Wolffe: We value video very highly: it's what MSNBC does best, what our audience loves most, and what our clients demand most. Our video is either drawn from MSNBC TV or commissioned as digital originals. For the first time ever you can search our archive of video clips by issue and/or show on the Watch page, giving access to tens of thousands of great videos. We're also very excited by the integration of MSNBC Now: the authenticated live stream and full episodes. That's a very compelling offering for our audience. We're looking forward to integrating the experience much more as we evolve all our digital spaces. However, video is not enough. Our audience also wants to dig deep into the issues. To achieve that, we have recruited top-quality reporters and editors to cover the core stories that fire up our audience. We don't use wire stories. But our photo desk does make extensive use of agency photos because we want to have a strong visual impact, in keeping with the visual connection of MSNBC on TV.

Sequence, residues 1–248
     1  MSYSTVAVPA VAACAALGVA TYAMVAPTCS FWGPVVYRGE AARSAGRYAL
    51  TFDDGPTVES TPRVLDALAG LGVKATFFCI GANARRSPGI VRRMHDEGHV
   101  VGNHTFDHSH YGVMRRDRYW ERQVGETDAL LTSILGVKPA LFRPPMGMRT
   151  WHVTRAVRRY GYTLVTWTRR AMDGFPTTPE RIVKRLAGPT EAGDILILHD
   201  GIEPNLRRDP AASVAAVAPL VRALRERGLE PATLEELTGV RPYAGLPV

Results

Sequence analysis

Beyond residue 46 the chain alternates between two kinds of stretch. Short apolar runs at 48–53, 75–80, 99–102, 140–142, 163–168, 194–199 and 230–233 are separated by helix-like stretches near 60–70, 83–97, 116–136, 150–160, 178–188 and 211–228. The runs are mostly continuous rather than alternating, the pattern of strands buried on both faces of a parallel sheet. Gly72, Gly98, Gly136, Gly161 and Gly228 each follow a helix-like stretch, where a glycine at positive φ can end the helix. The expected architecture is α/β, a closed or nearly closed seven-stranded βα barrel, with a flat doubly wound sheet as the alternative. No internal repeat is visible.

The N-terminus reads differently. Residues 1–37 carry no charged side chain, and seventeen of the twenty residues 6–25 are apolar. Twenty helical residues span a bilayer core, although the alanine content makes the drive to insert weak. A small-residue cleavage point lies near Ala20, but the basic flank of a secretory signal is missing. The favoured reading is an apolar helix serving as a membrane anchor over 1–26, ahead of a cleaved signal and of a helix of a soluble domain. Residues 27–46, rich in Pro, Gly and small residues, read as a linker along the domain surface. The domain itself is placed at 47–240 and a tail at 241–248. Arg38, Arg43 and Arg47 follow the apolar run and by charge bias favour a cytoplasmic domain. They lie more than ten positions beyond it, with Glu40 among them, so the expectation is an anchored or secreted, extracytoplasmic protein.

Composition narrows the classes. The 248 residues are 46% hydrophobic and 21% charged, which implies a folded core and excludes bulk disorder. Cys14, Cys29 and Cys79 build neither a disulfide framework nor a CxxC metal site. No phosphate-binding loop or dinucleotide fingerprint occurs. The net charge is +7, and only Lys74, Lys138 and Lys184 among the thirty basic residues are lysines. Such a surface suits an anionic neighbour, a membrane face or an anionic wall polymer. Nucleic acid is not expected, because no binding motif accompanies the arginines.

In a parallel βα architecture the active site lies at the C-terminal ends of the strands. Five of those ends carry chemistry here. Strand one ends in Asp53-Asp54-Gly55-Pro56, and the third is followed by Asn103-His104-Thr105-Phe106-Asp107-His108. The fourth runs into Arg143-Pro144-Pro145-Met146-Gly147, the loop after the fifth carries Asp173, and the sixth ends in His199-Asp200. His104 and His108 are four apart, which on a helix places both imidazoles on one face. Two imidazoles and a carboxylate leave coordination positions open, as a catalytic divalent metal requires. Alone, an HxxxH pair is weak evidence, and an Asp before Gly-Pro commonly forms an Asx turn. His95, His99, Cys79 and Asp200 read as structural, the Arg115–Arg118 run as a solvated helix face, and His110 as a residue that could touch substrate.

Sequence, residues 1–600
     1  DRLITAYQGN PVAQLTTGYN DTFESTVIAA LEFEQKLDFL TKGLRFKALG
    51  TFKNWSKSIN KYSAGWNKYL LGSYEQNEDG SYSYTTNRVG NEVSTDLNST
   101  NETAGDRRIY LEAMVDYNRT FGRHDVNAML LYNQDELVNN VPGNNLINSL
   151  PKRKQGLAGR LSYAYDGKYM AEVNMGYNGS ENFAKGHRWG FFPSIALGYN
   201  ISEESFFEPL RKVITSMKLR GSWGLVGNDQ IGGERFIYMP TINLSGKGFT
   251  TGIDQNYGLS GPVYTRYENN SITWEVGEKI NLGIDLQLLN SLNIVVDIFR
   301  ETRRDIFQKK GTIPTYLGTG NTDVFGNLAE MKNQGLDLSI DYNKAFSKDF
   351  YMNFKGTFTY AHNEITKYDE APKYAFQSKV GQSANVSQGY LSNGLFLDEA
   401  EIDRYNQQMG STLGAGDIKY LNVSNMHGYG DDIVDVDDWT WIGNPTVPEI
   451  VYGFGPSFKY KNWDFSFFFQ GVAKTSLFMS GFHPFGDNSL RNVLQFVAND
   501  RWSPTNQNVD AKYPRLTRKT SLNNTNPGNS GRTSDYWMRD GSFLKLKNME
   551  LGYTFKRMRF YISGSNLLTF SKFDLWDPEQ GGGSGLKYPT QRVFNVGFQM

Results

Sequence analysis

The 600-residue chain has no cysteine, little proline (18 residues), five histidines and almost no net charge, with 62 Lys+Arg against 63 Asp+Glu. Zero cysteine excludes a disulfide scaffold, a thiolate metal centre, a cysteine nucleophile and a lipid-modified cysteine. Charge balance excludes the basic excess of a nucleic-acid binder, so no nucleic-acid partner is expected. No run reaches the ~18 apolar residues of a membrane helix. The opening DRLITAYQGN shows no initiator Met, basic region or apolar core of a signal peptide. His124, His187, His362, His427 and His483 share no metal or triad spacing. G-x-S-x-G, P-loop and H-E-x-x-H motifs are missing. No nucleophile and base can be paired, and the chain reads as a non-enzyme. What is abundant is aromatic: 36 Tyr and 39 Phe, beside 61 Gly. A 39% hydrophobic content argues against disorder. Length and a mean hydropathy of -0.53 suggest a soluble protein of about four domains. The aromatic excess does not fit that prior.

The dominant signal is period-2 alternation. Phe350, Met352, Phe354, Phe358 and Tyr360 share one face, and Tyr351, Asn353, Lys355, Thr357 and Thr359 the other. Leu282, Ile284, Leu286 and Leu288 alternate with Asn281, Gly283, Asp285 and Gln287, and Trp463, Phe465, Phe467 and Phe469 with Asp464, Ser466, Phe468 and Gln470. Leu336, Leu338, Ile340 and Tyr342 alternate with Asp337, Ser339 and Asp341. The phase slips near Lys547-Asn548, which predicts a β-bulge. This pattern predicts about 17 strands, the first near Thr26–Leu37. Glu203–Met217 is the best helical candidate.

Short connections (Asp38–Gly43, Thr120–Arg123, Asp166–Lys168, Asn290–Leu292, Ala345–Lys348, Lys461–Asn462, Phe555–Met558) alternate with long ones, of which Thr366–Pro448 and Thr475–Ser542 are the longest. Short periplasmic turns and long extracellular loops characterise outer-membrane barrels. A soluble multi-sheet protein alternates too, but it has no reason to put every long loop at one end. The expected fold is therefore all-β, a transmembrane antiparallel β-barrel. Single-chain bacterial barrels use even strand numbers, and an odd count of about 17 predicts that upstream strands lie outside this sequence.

Q. How are you planning on engaging readers online, and how have you layered in social media with the new experience?
Wolffe: We want to be a platform for activity, not just a publisher of great video, stories and photos. So we have built this from the beginning as a social network. Users have profile pages. They can follow one another, organize themselves into groups, as well as following shows and issues. It's very organic. We place comments high on every page, and encourage users to comment in smaller threads within groups. You can search the entire community in our Join In section, filtering for TV staff, regular users, groups or activist organizations. And we have an entire section of our top navigation – Speak Out – devoted to easy engagement by taking polls or quick commenting on a quote from someone notable. On top of that, we have made sharing to external social networks really easy by placing share buttons on every thumbnail, story and video across the site.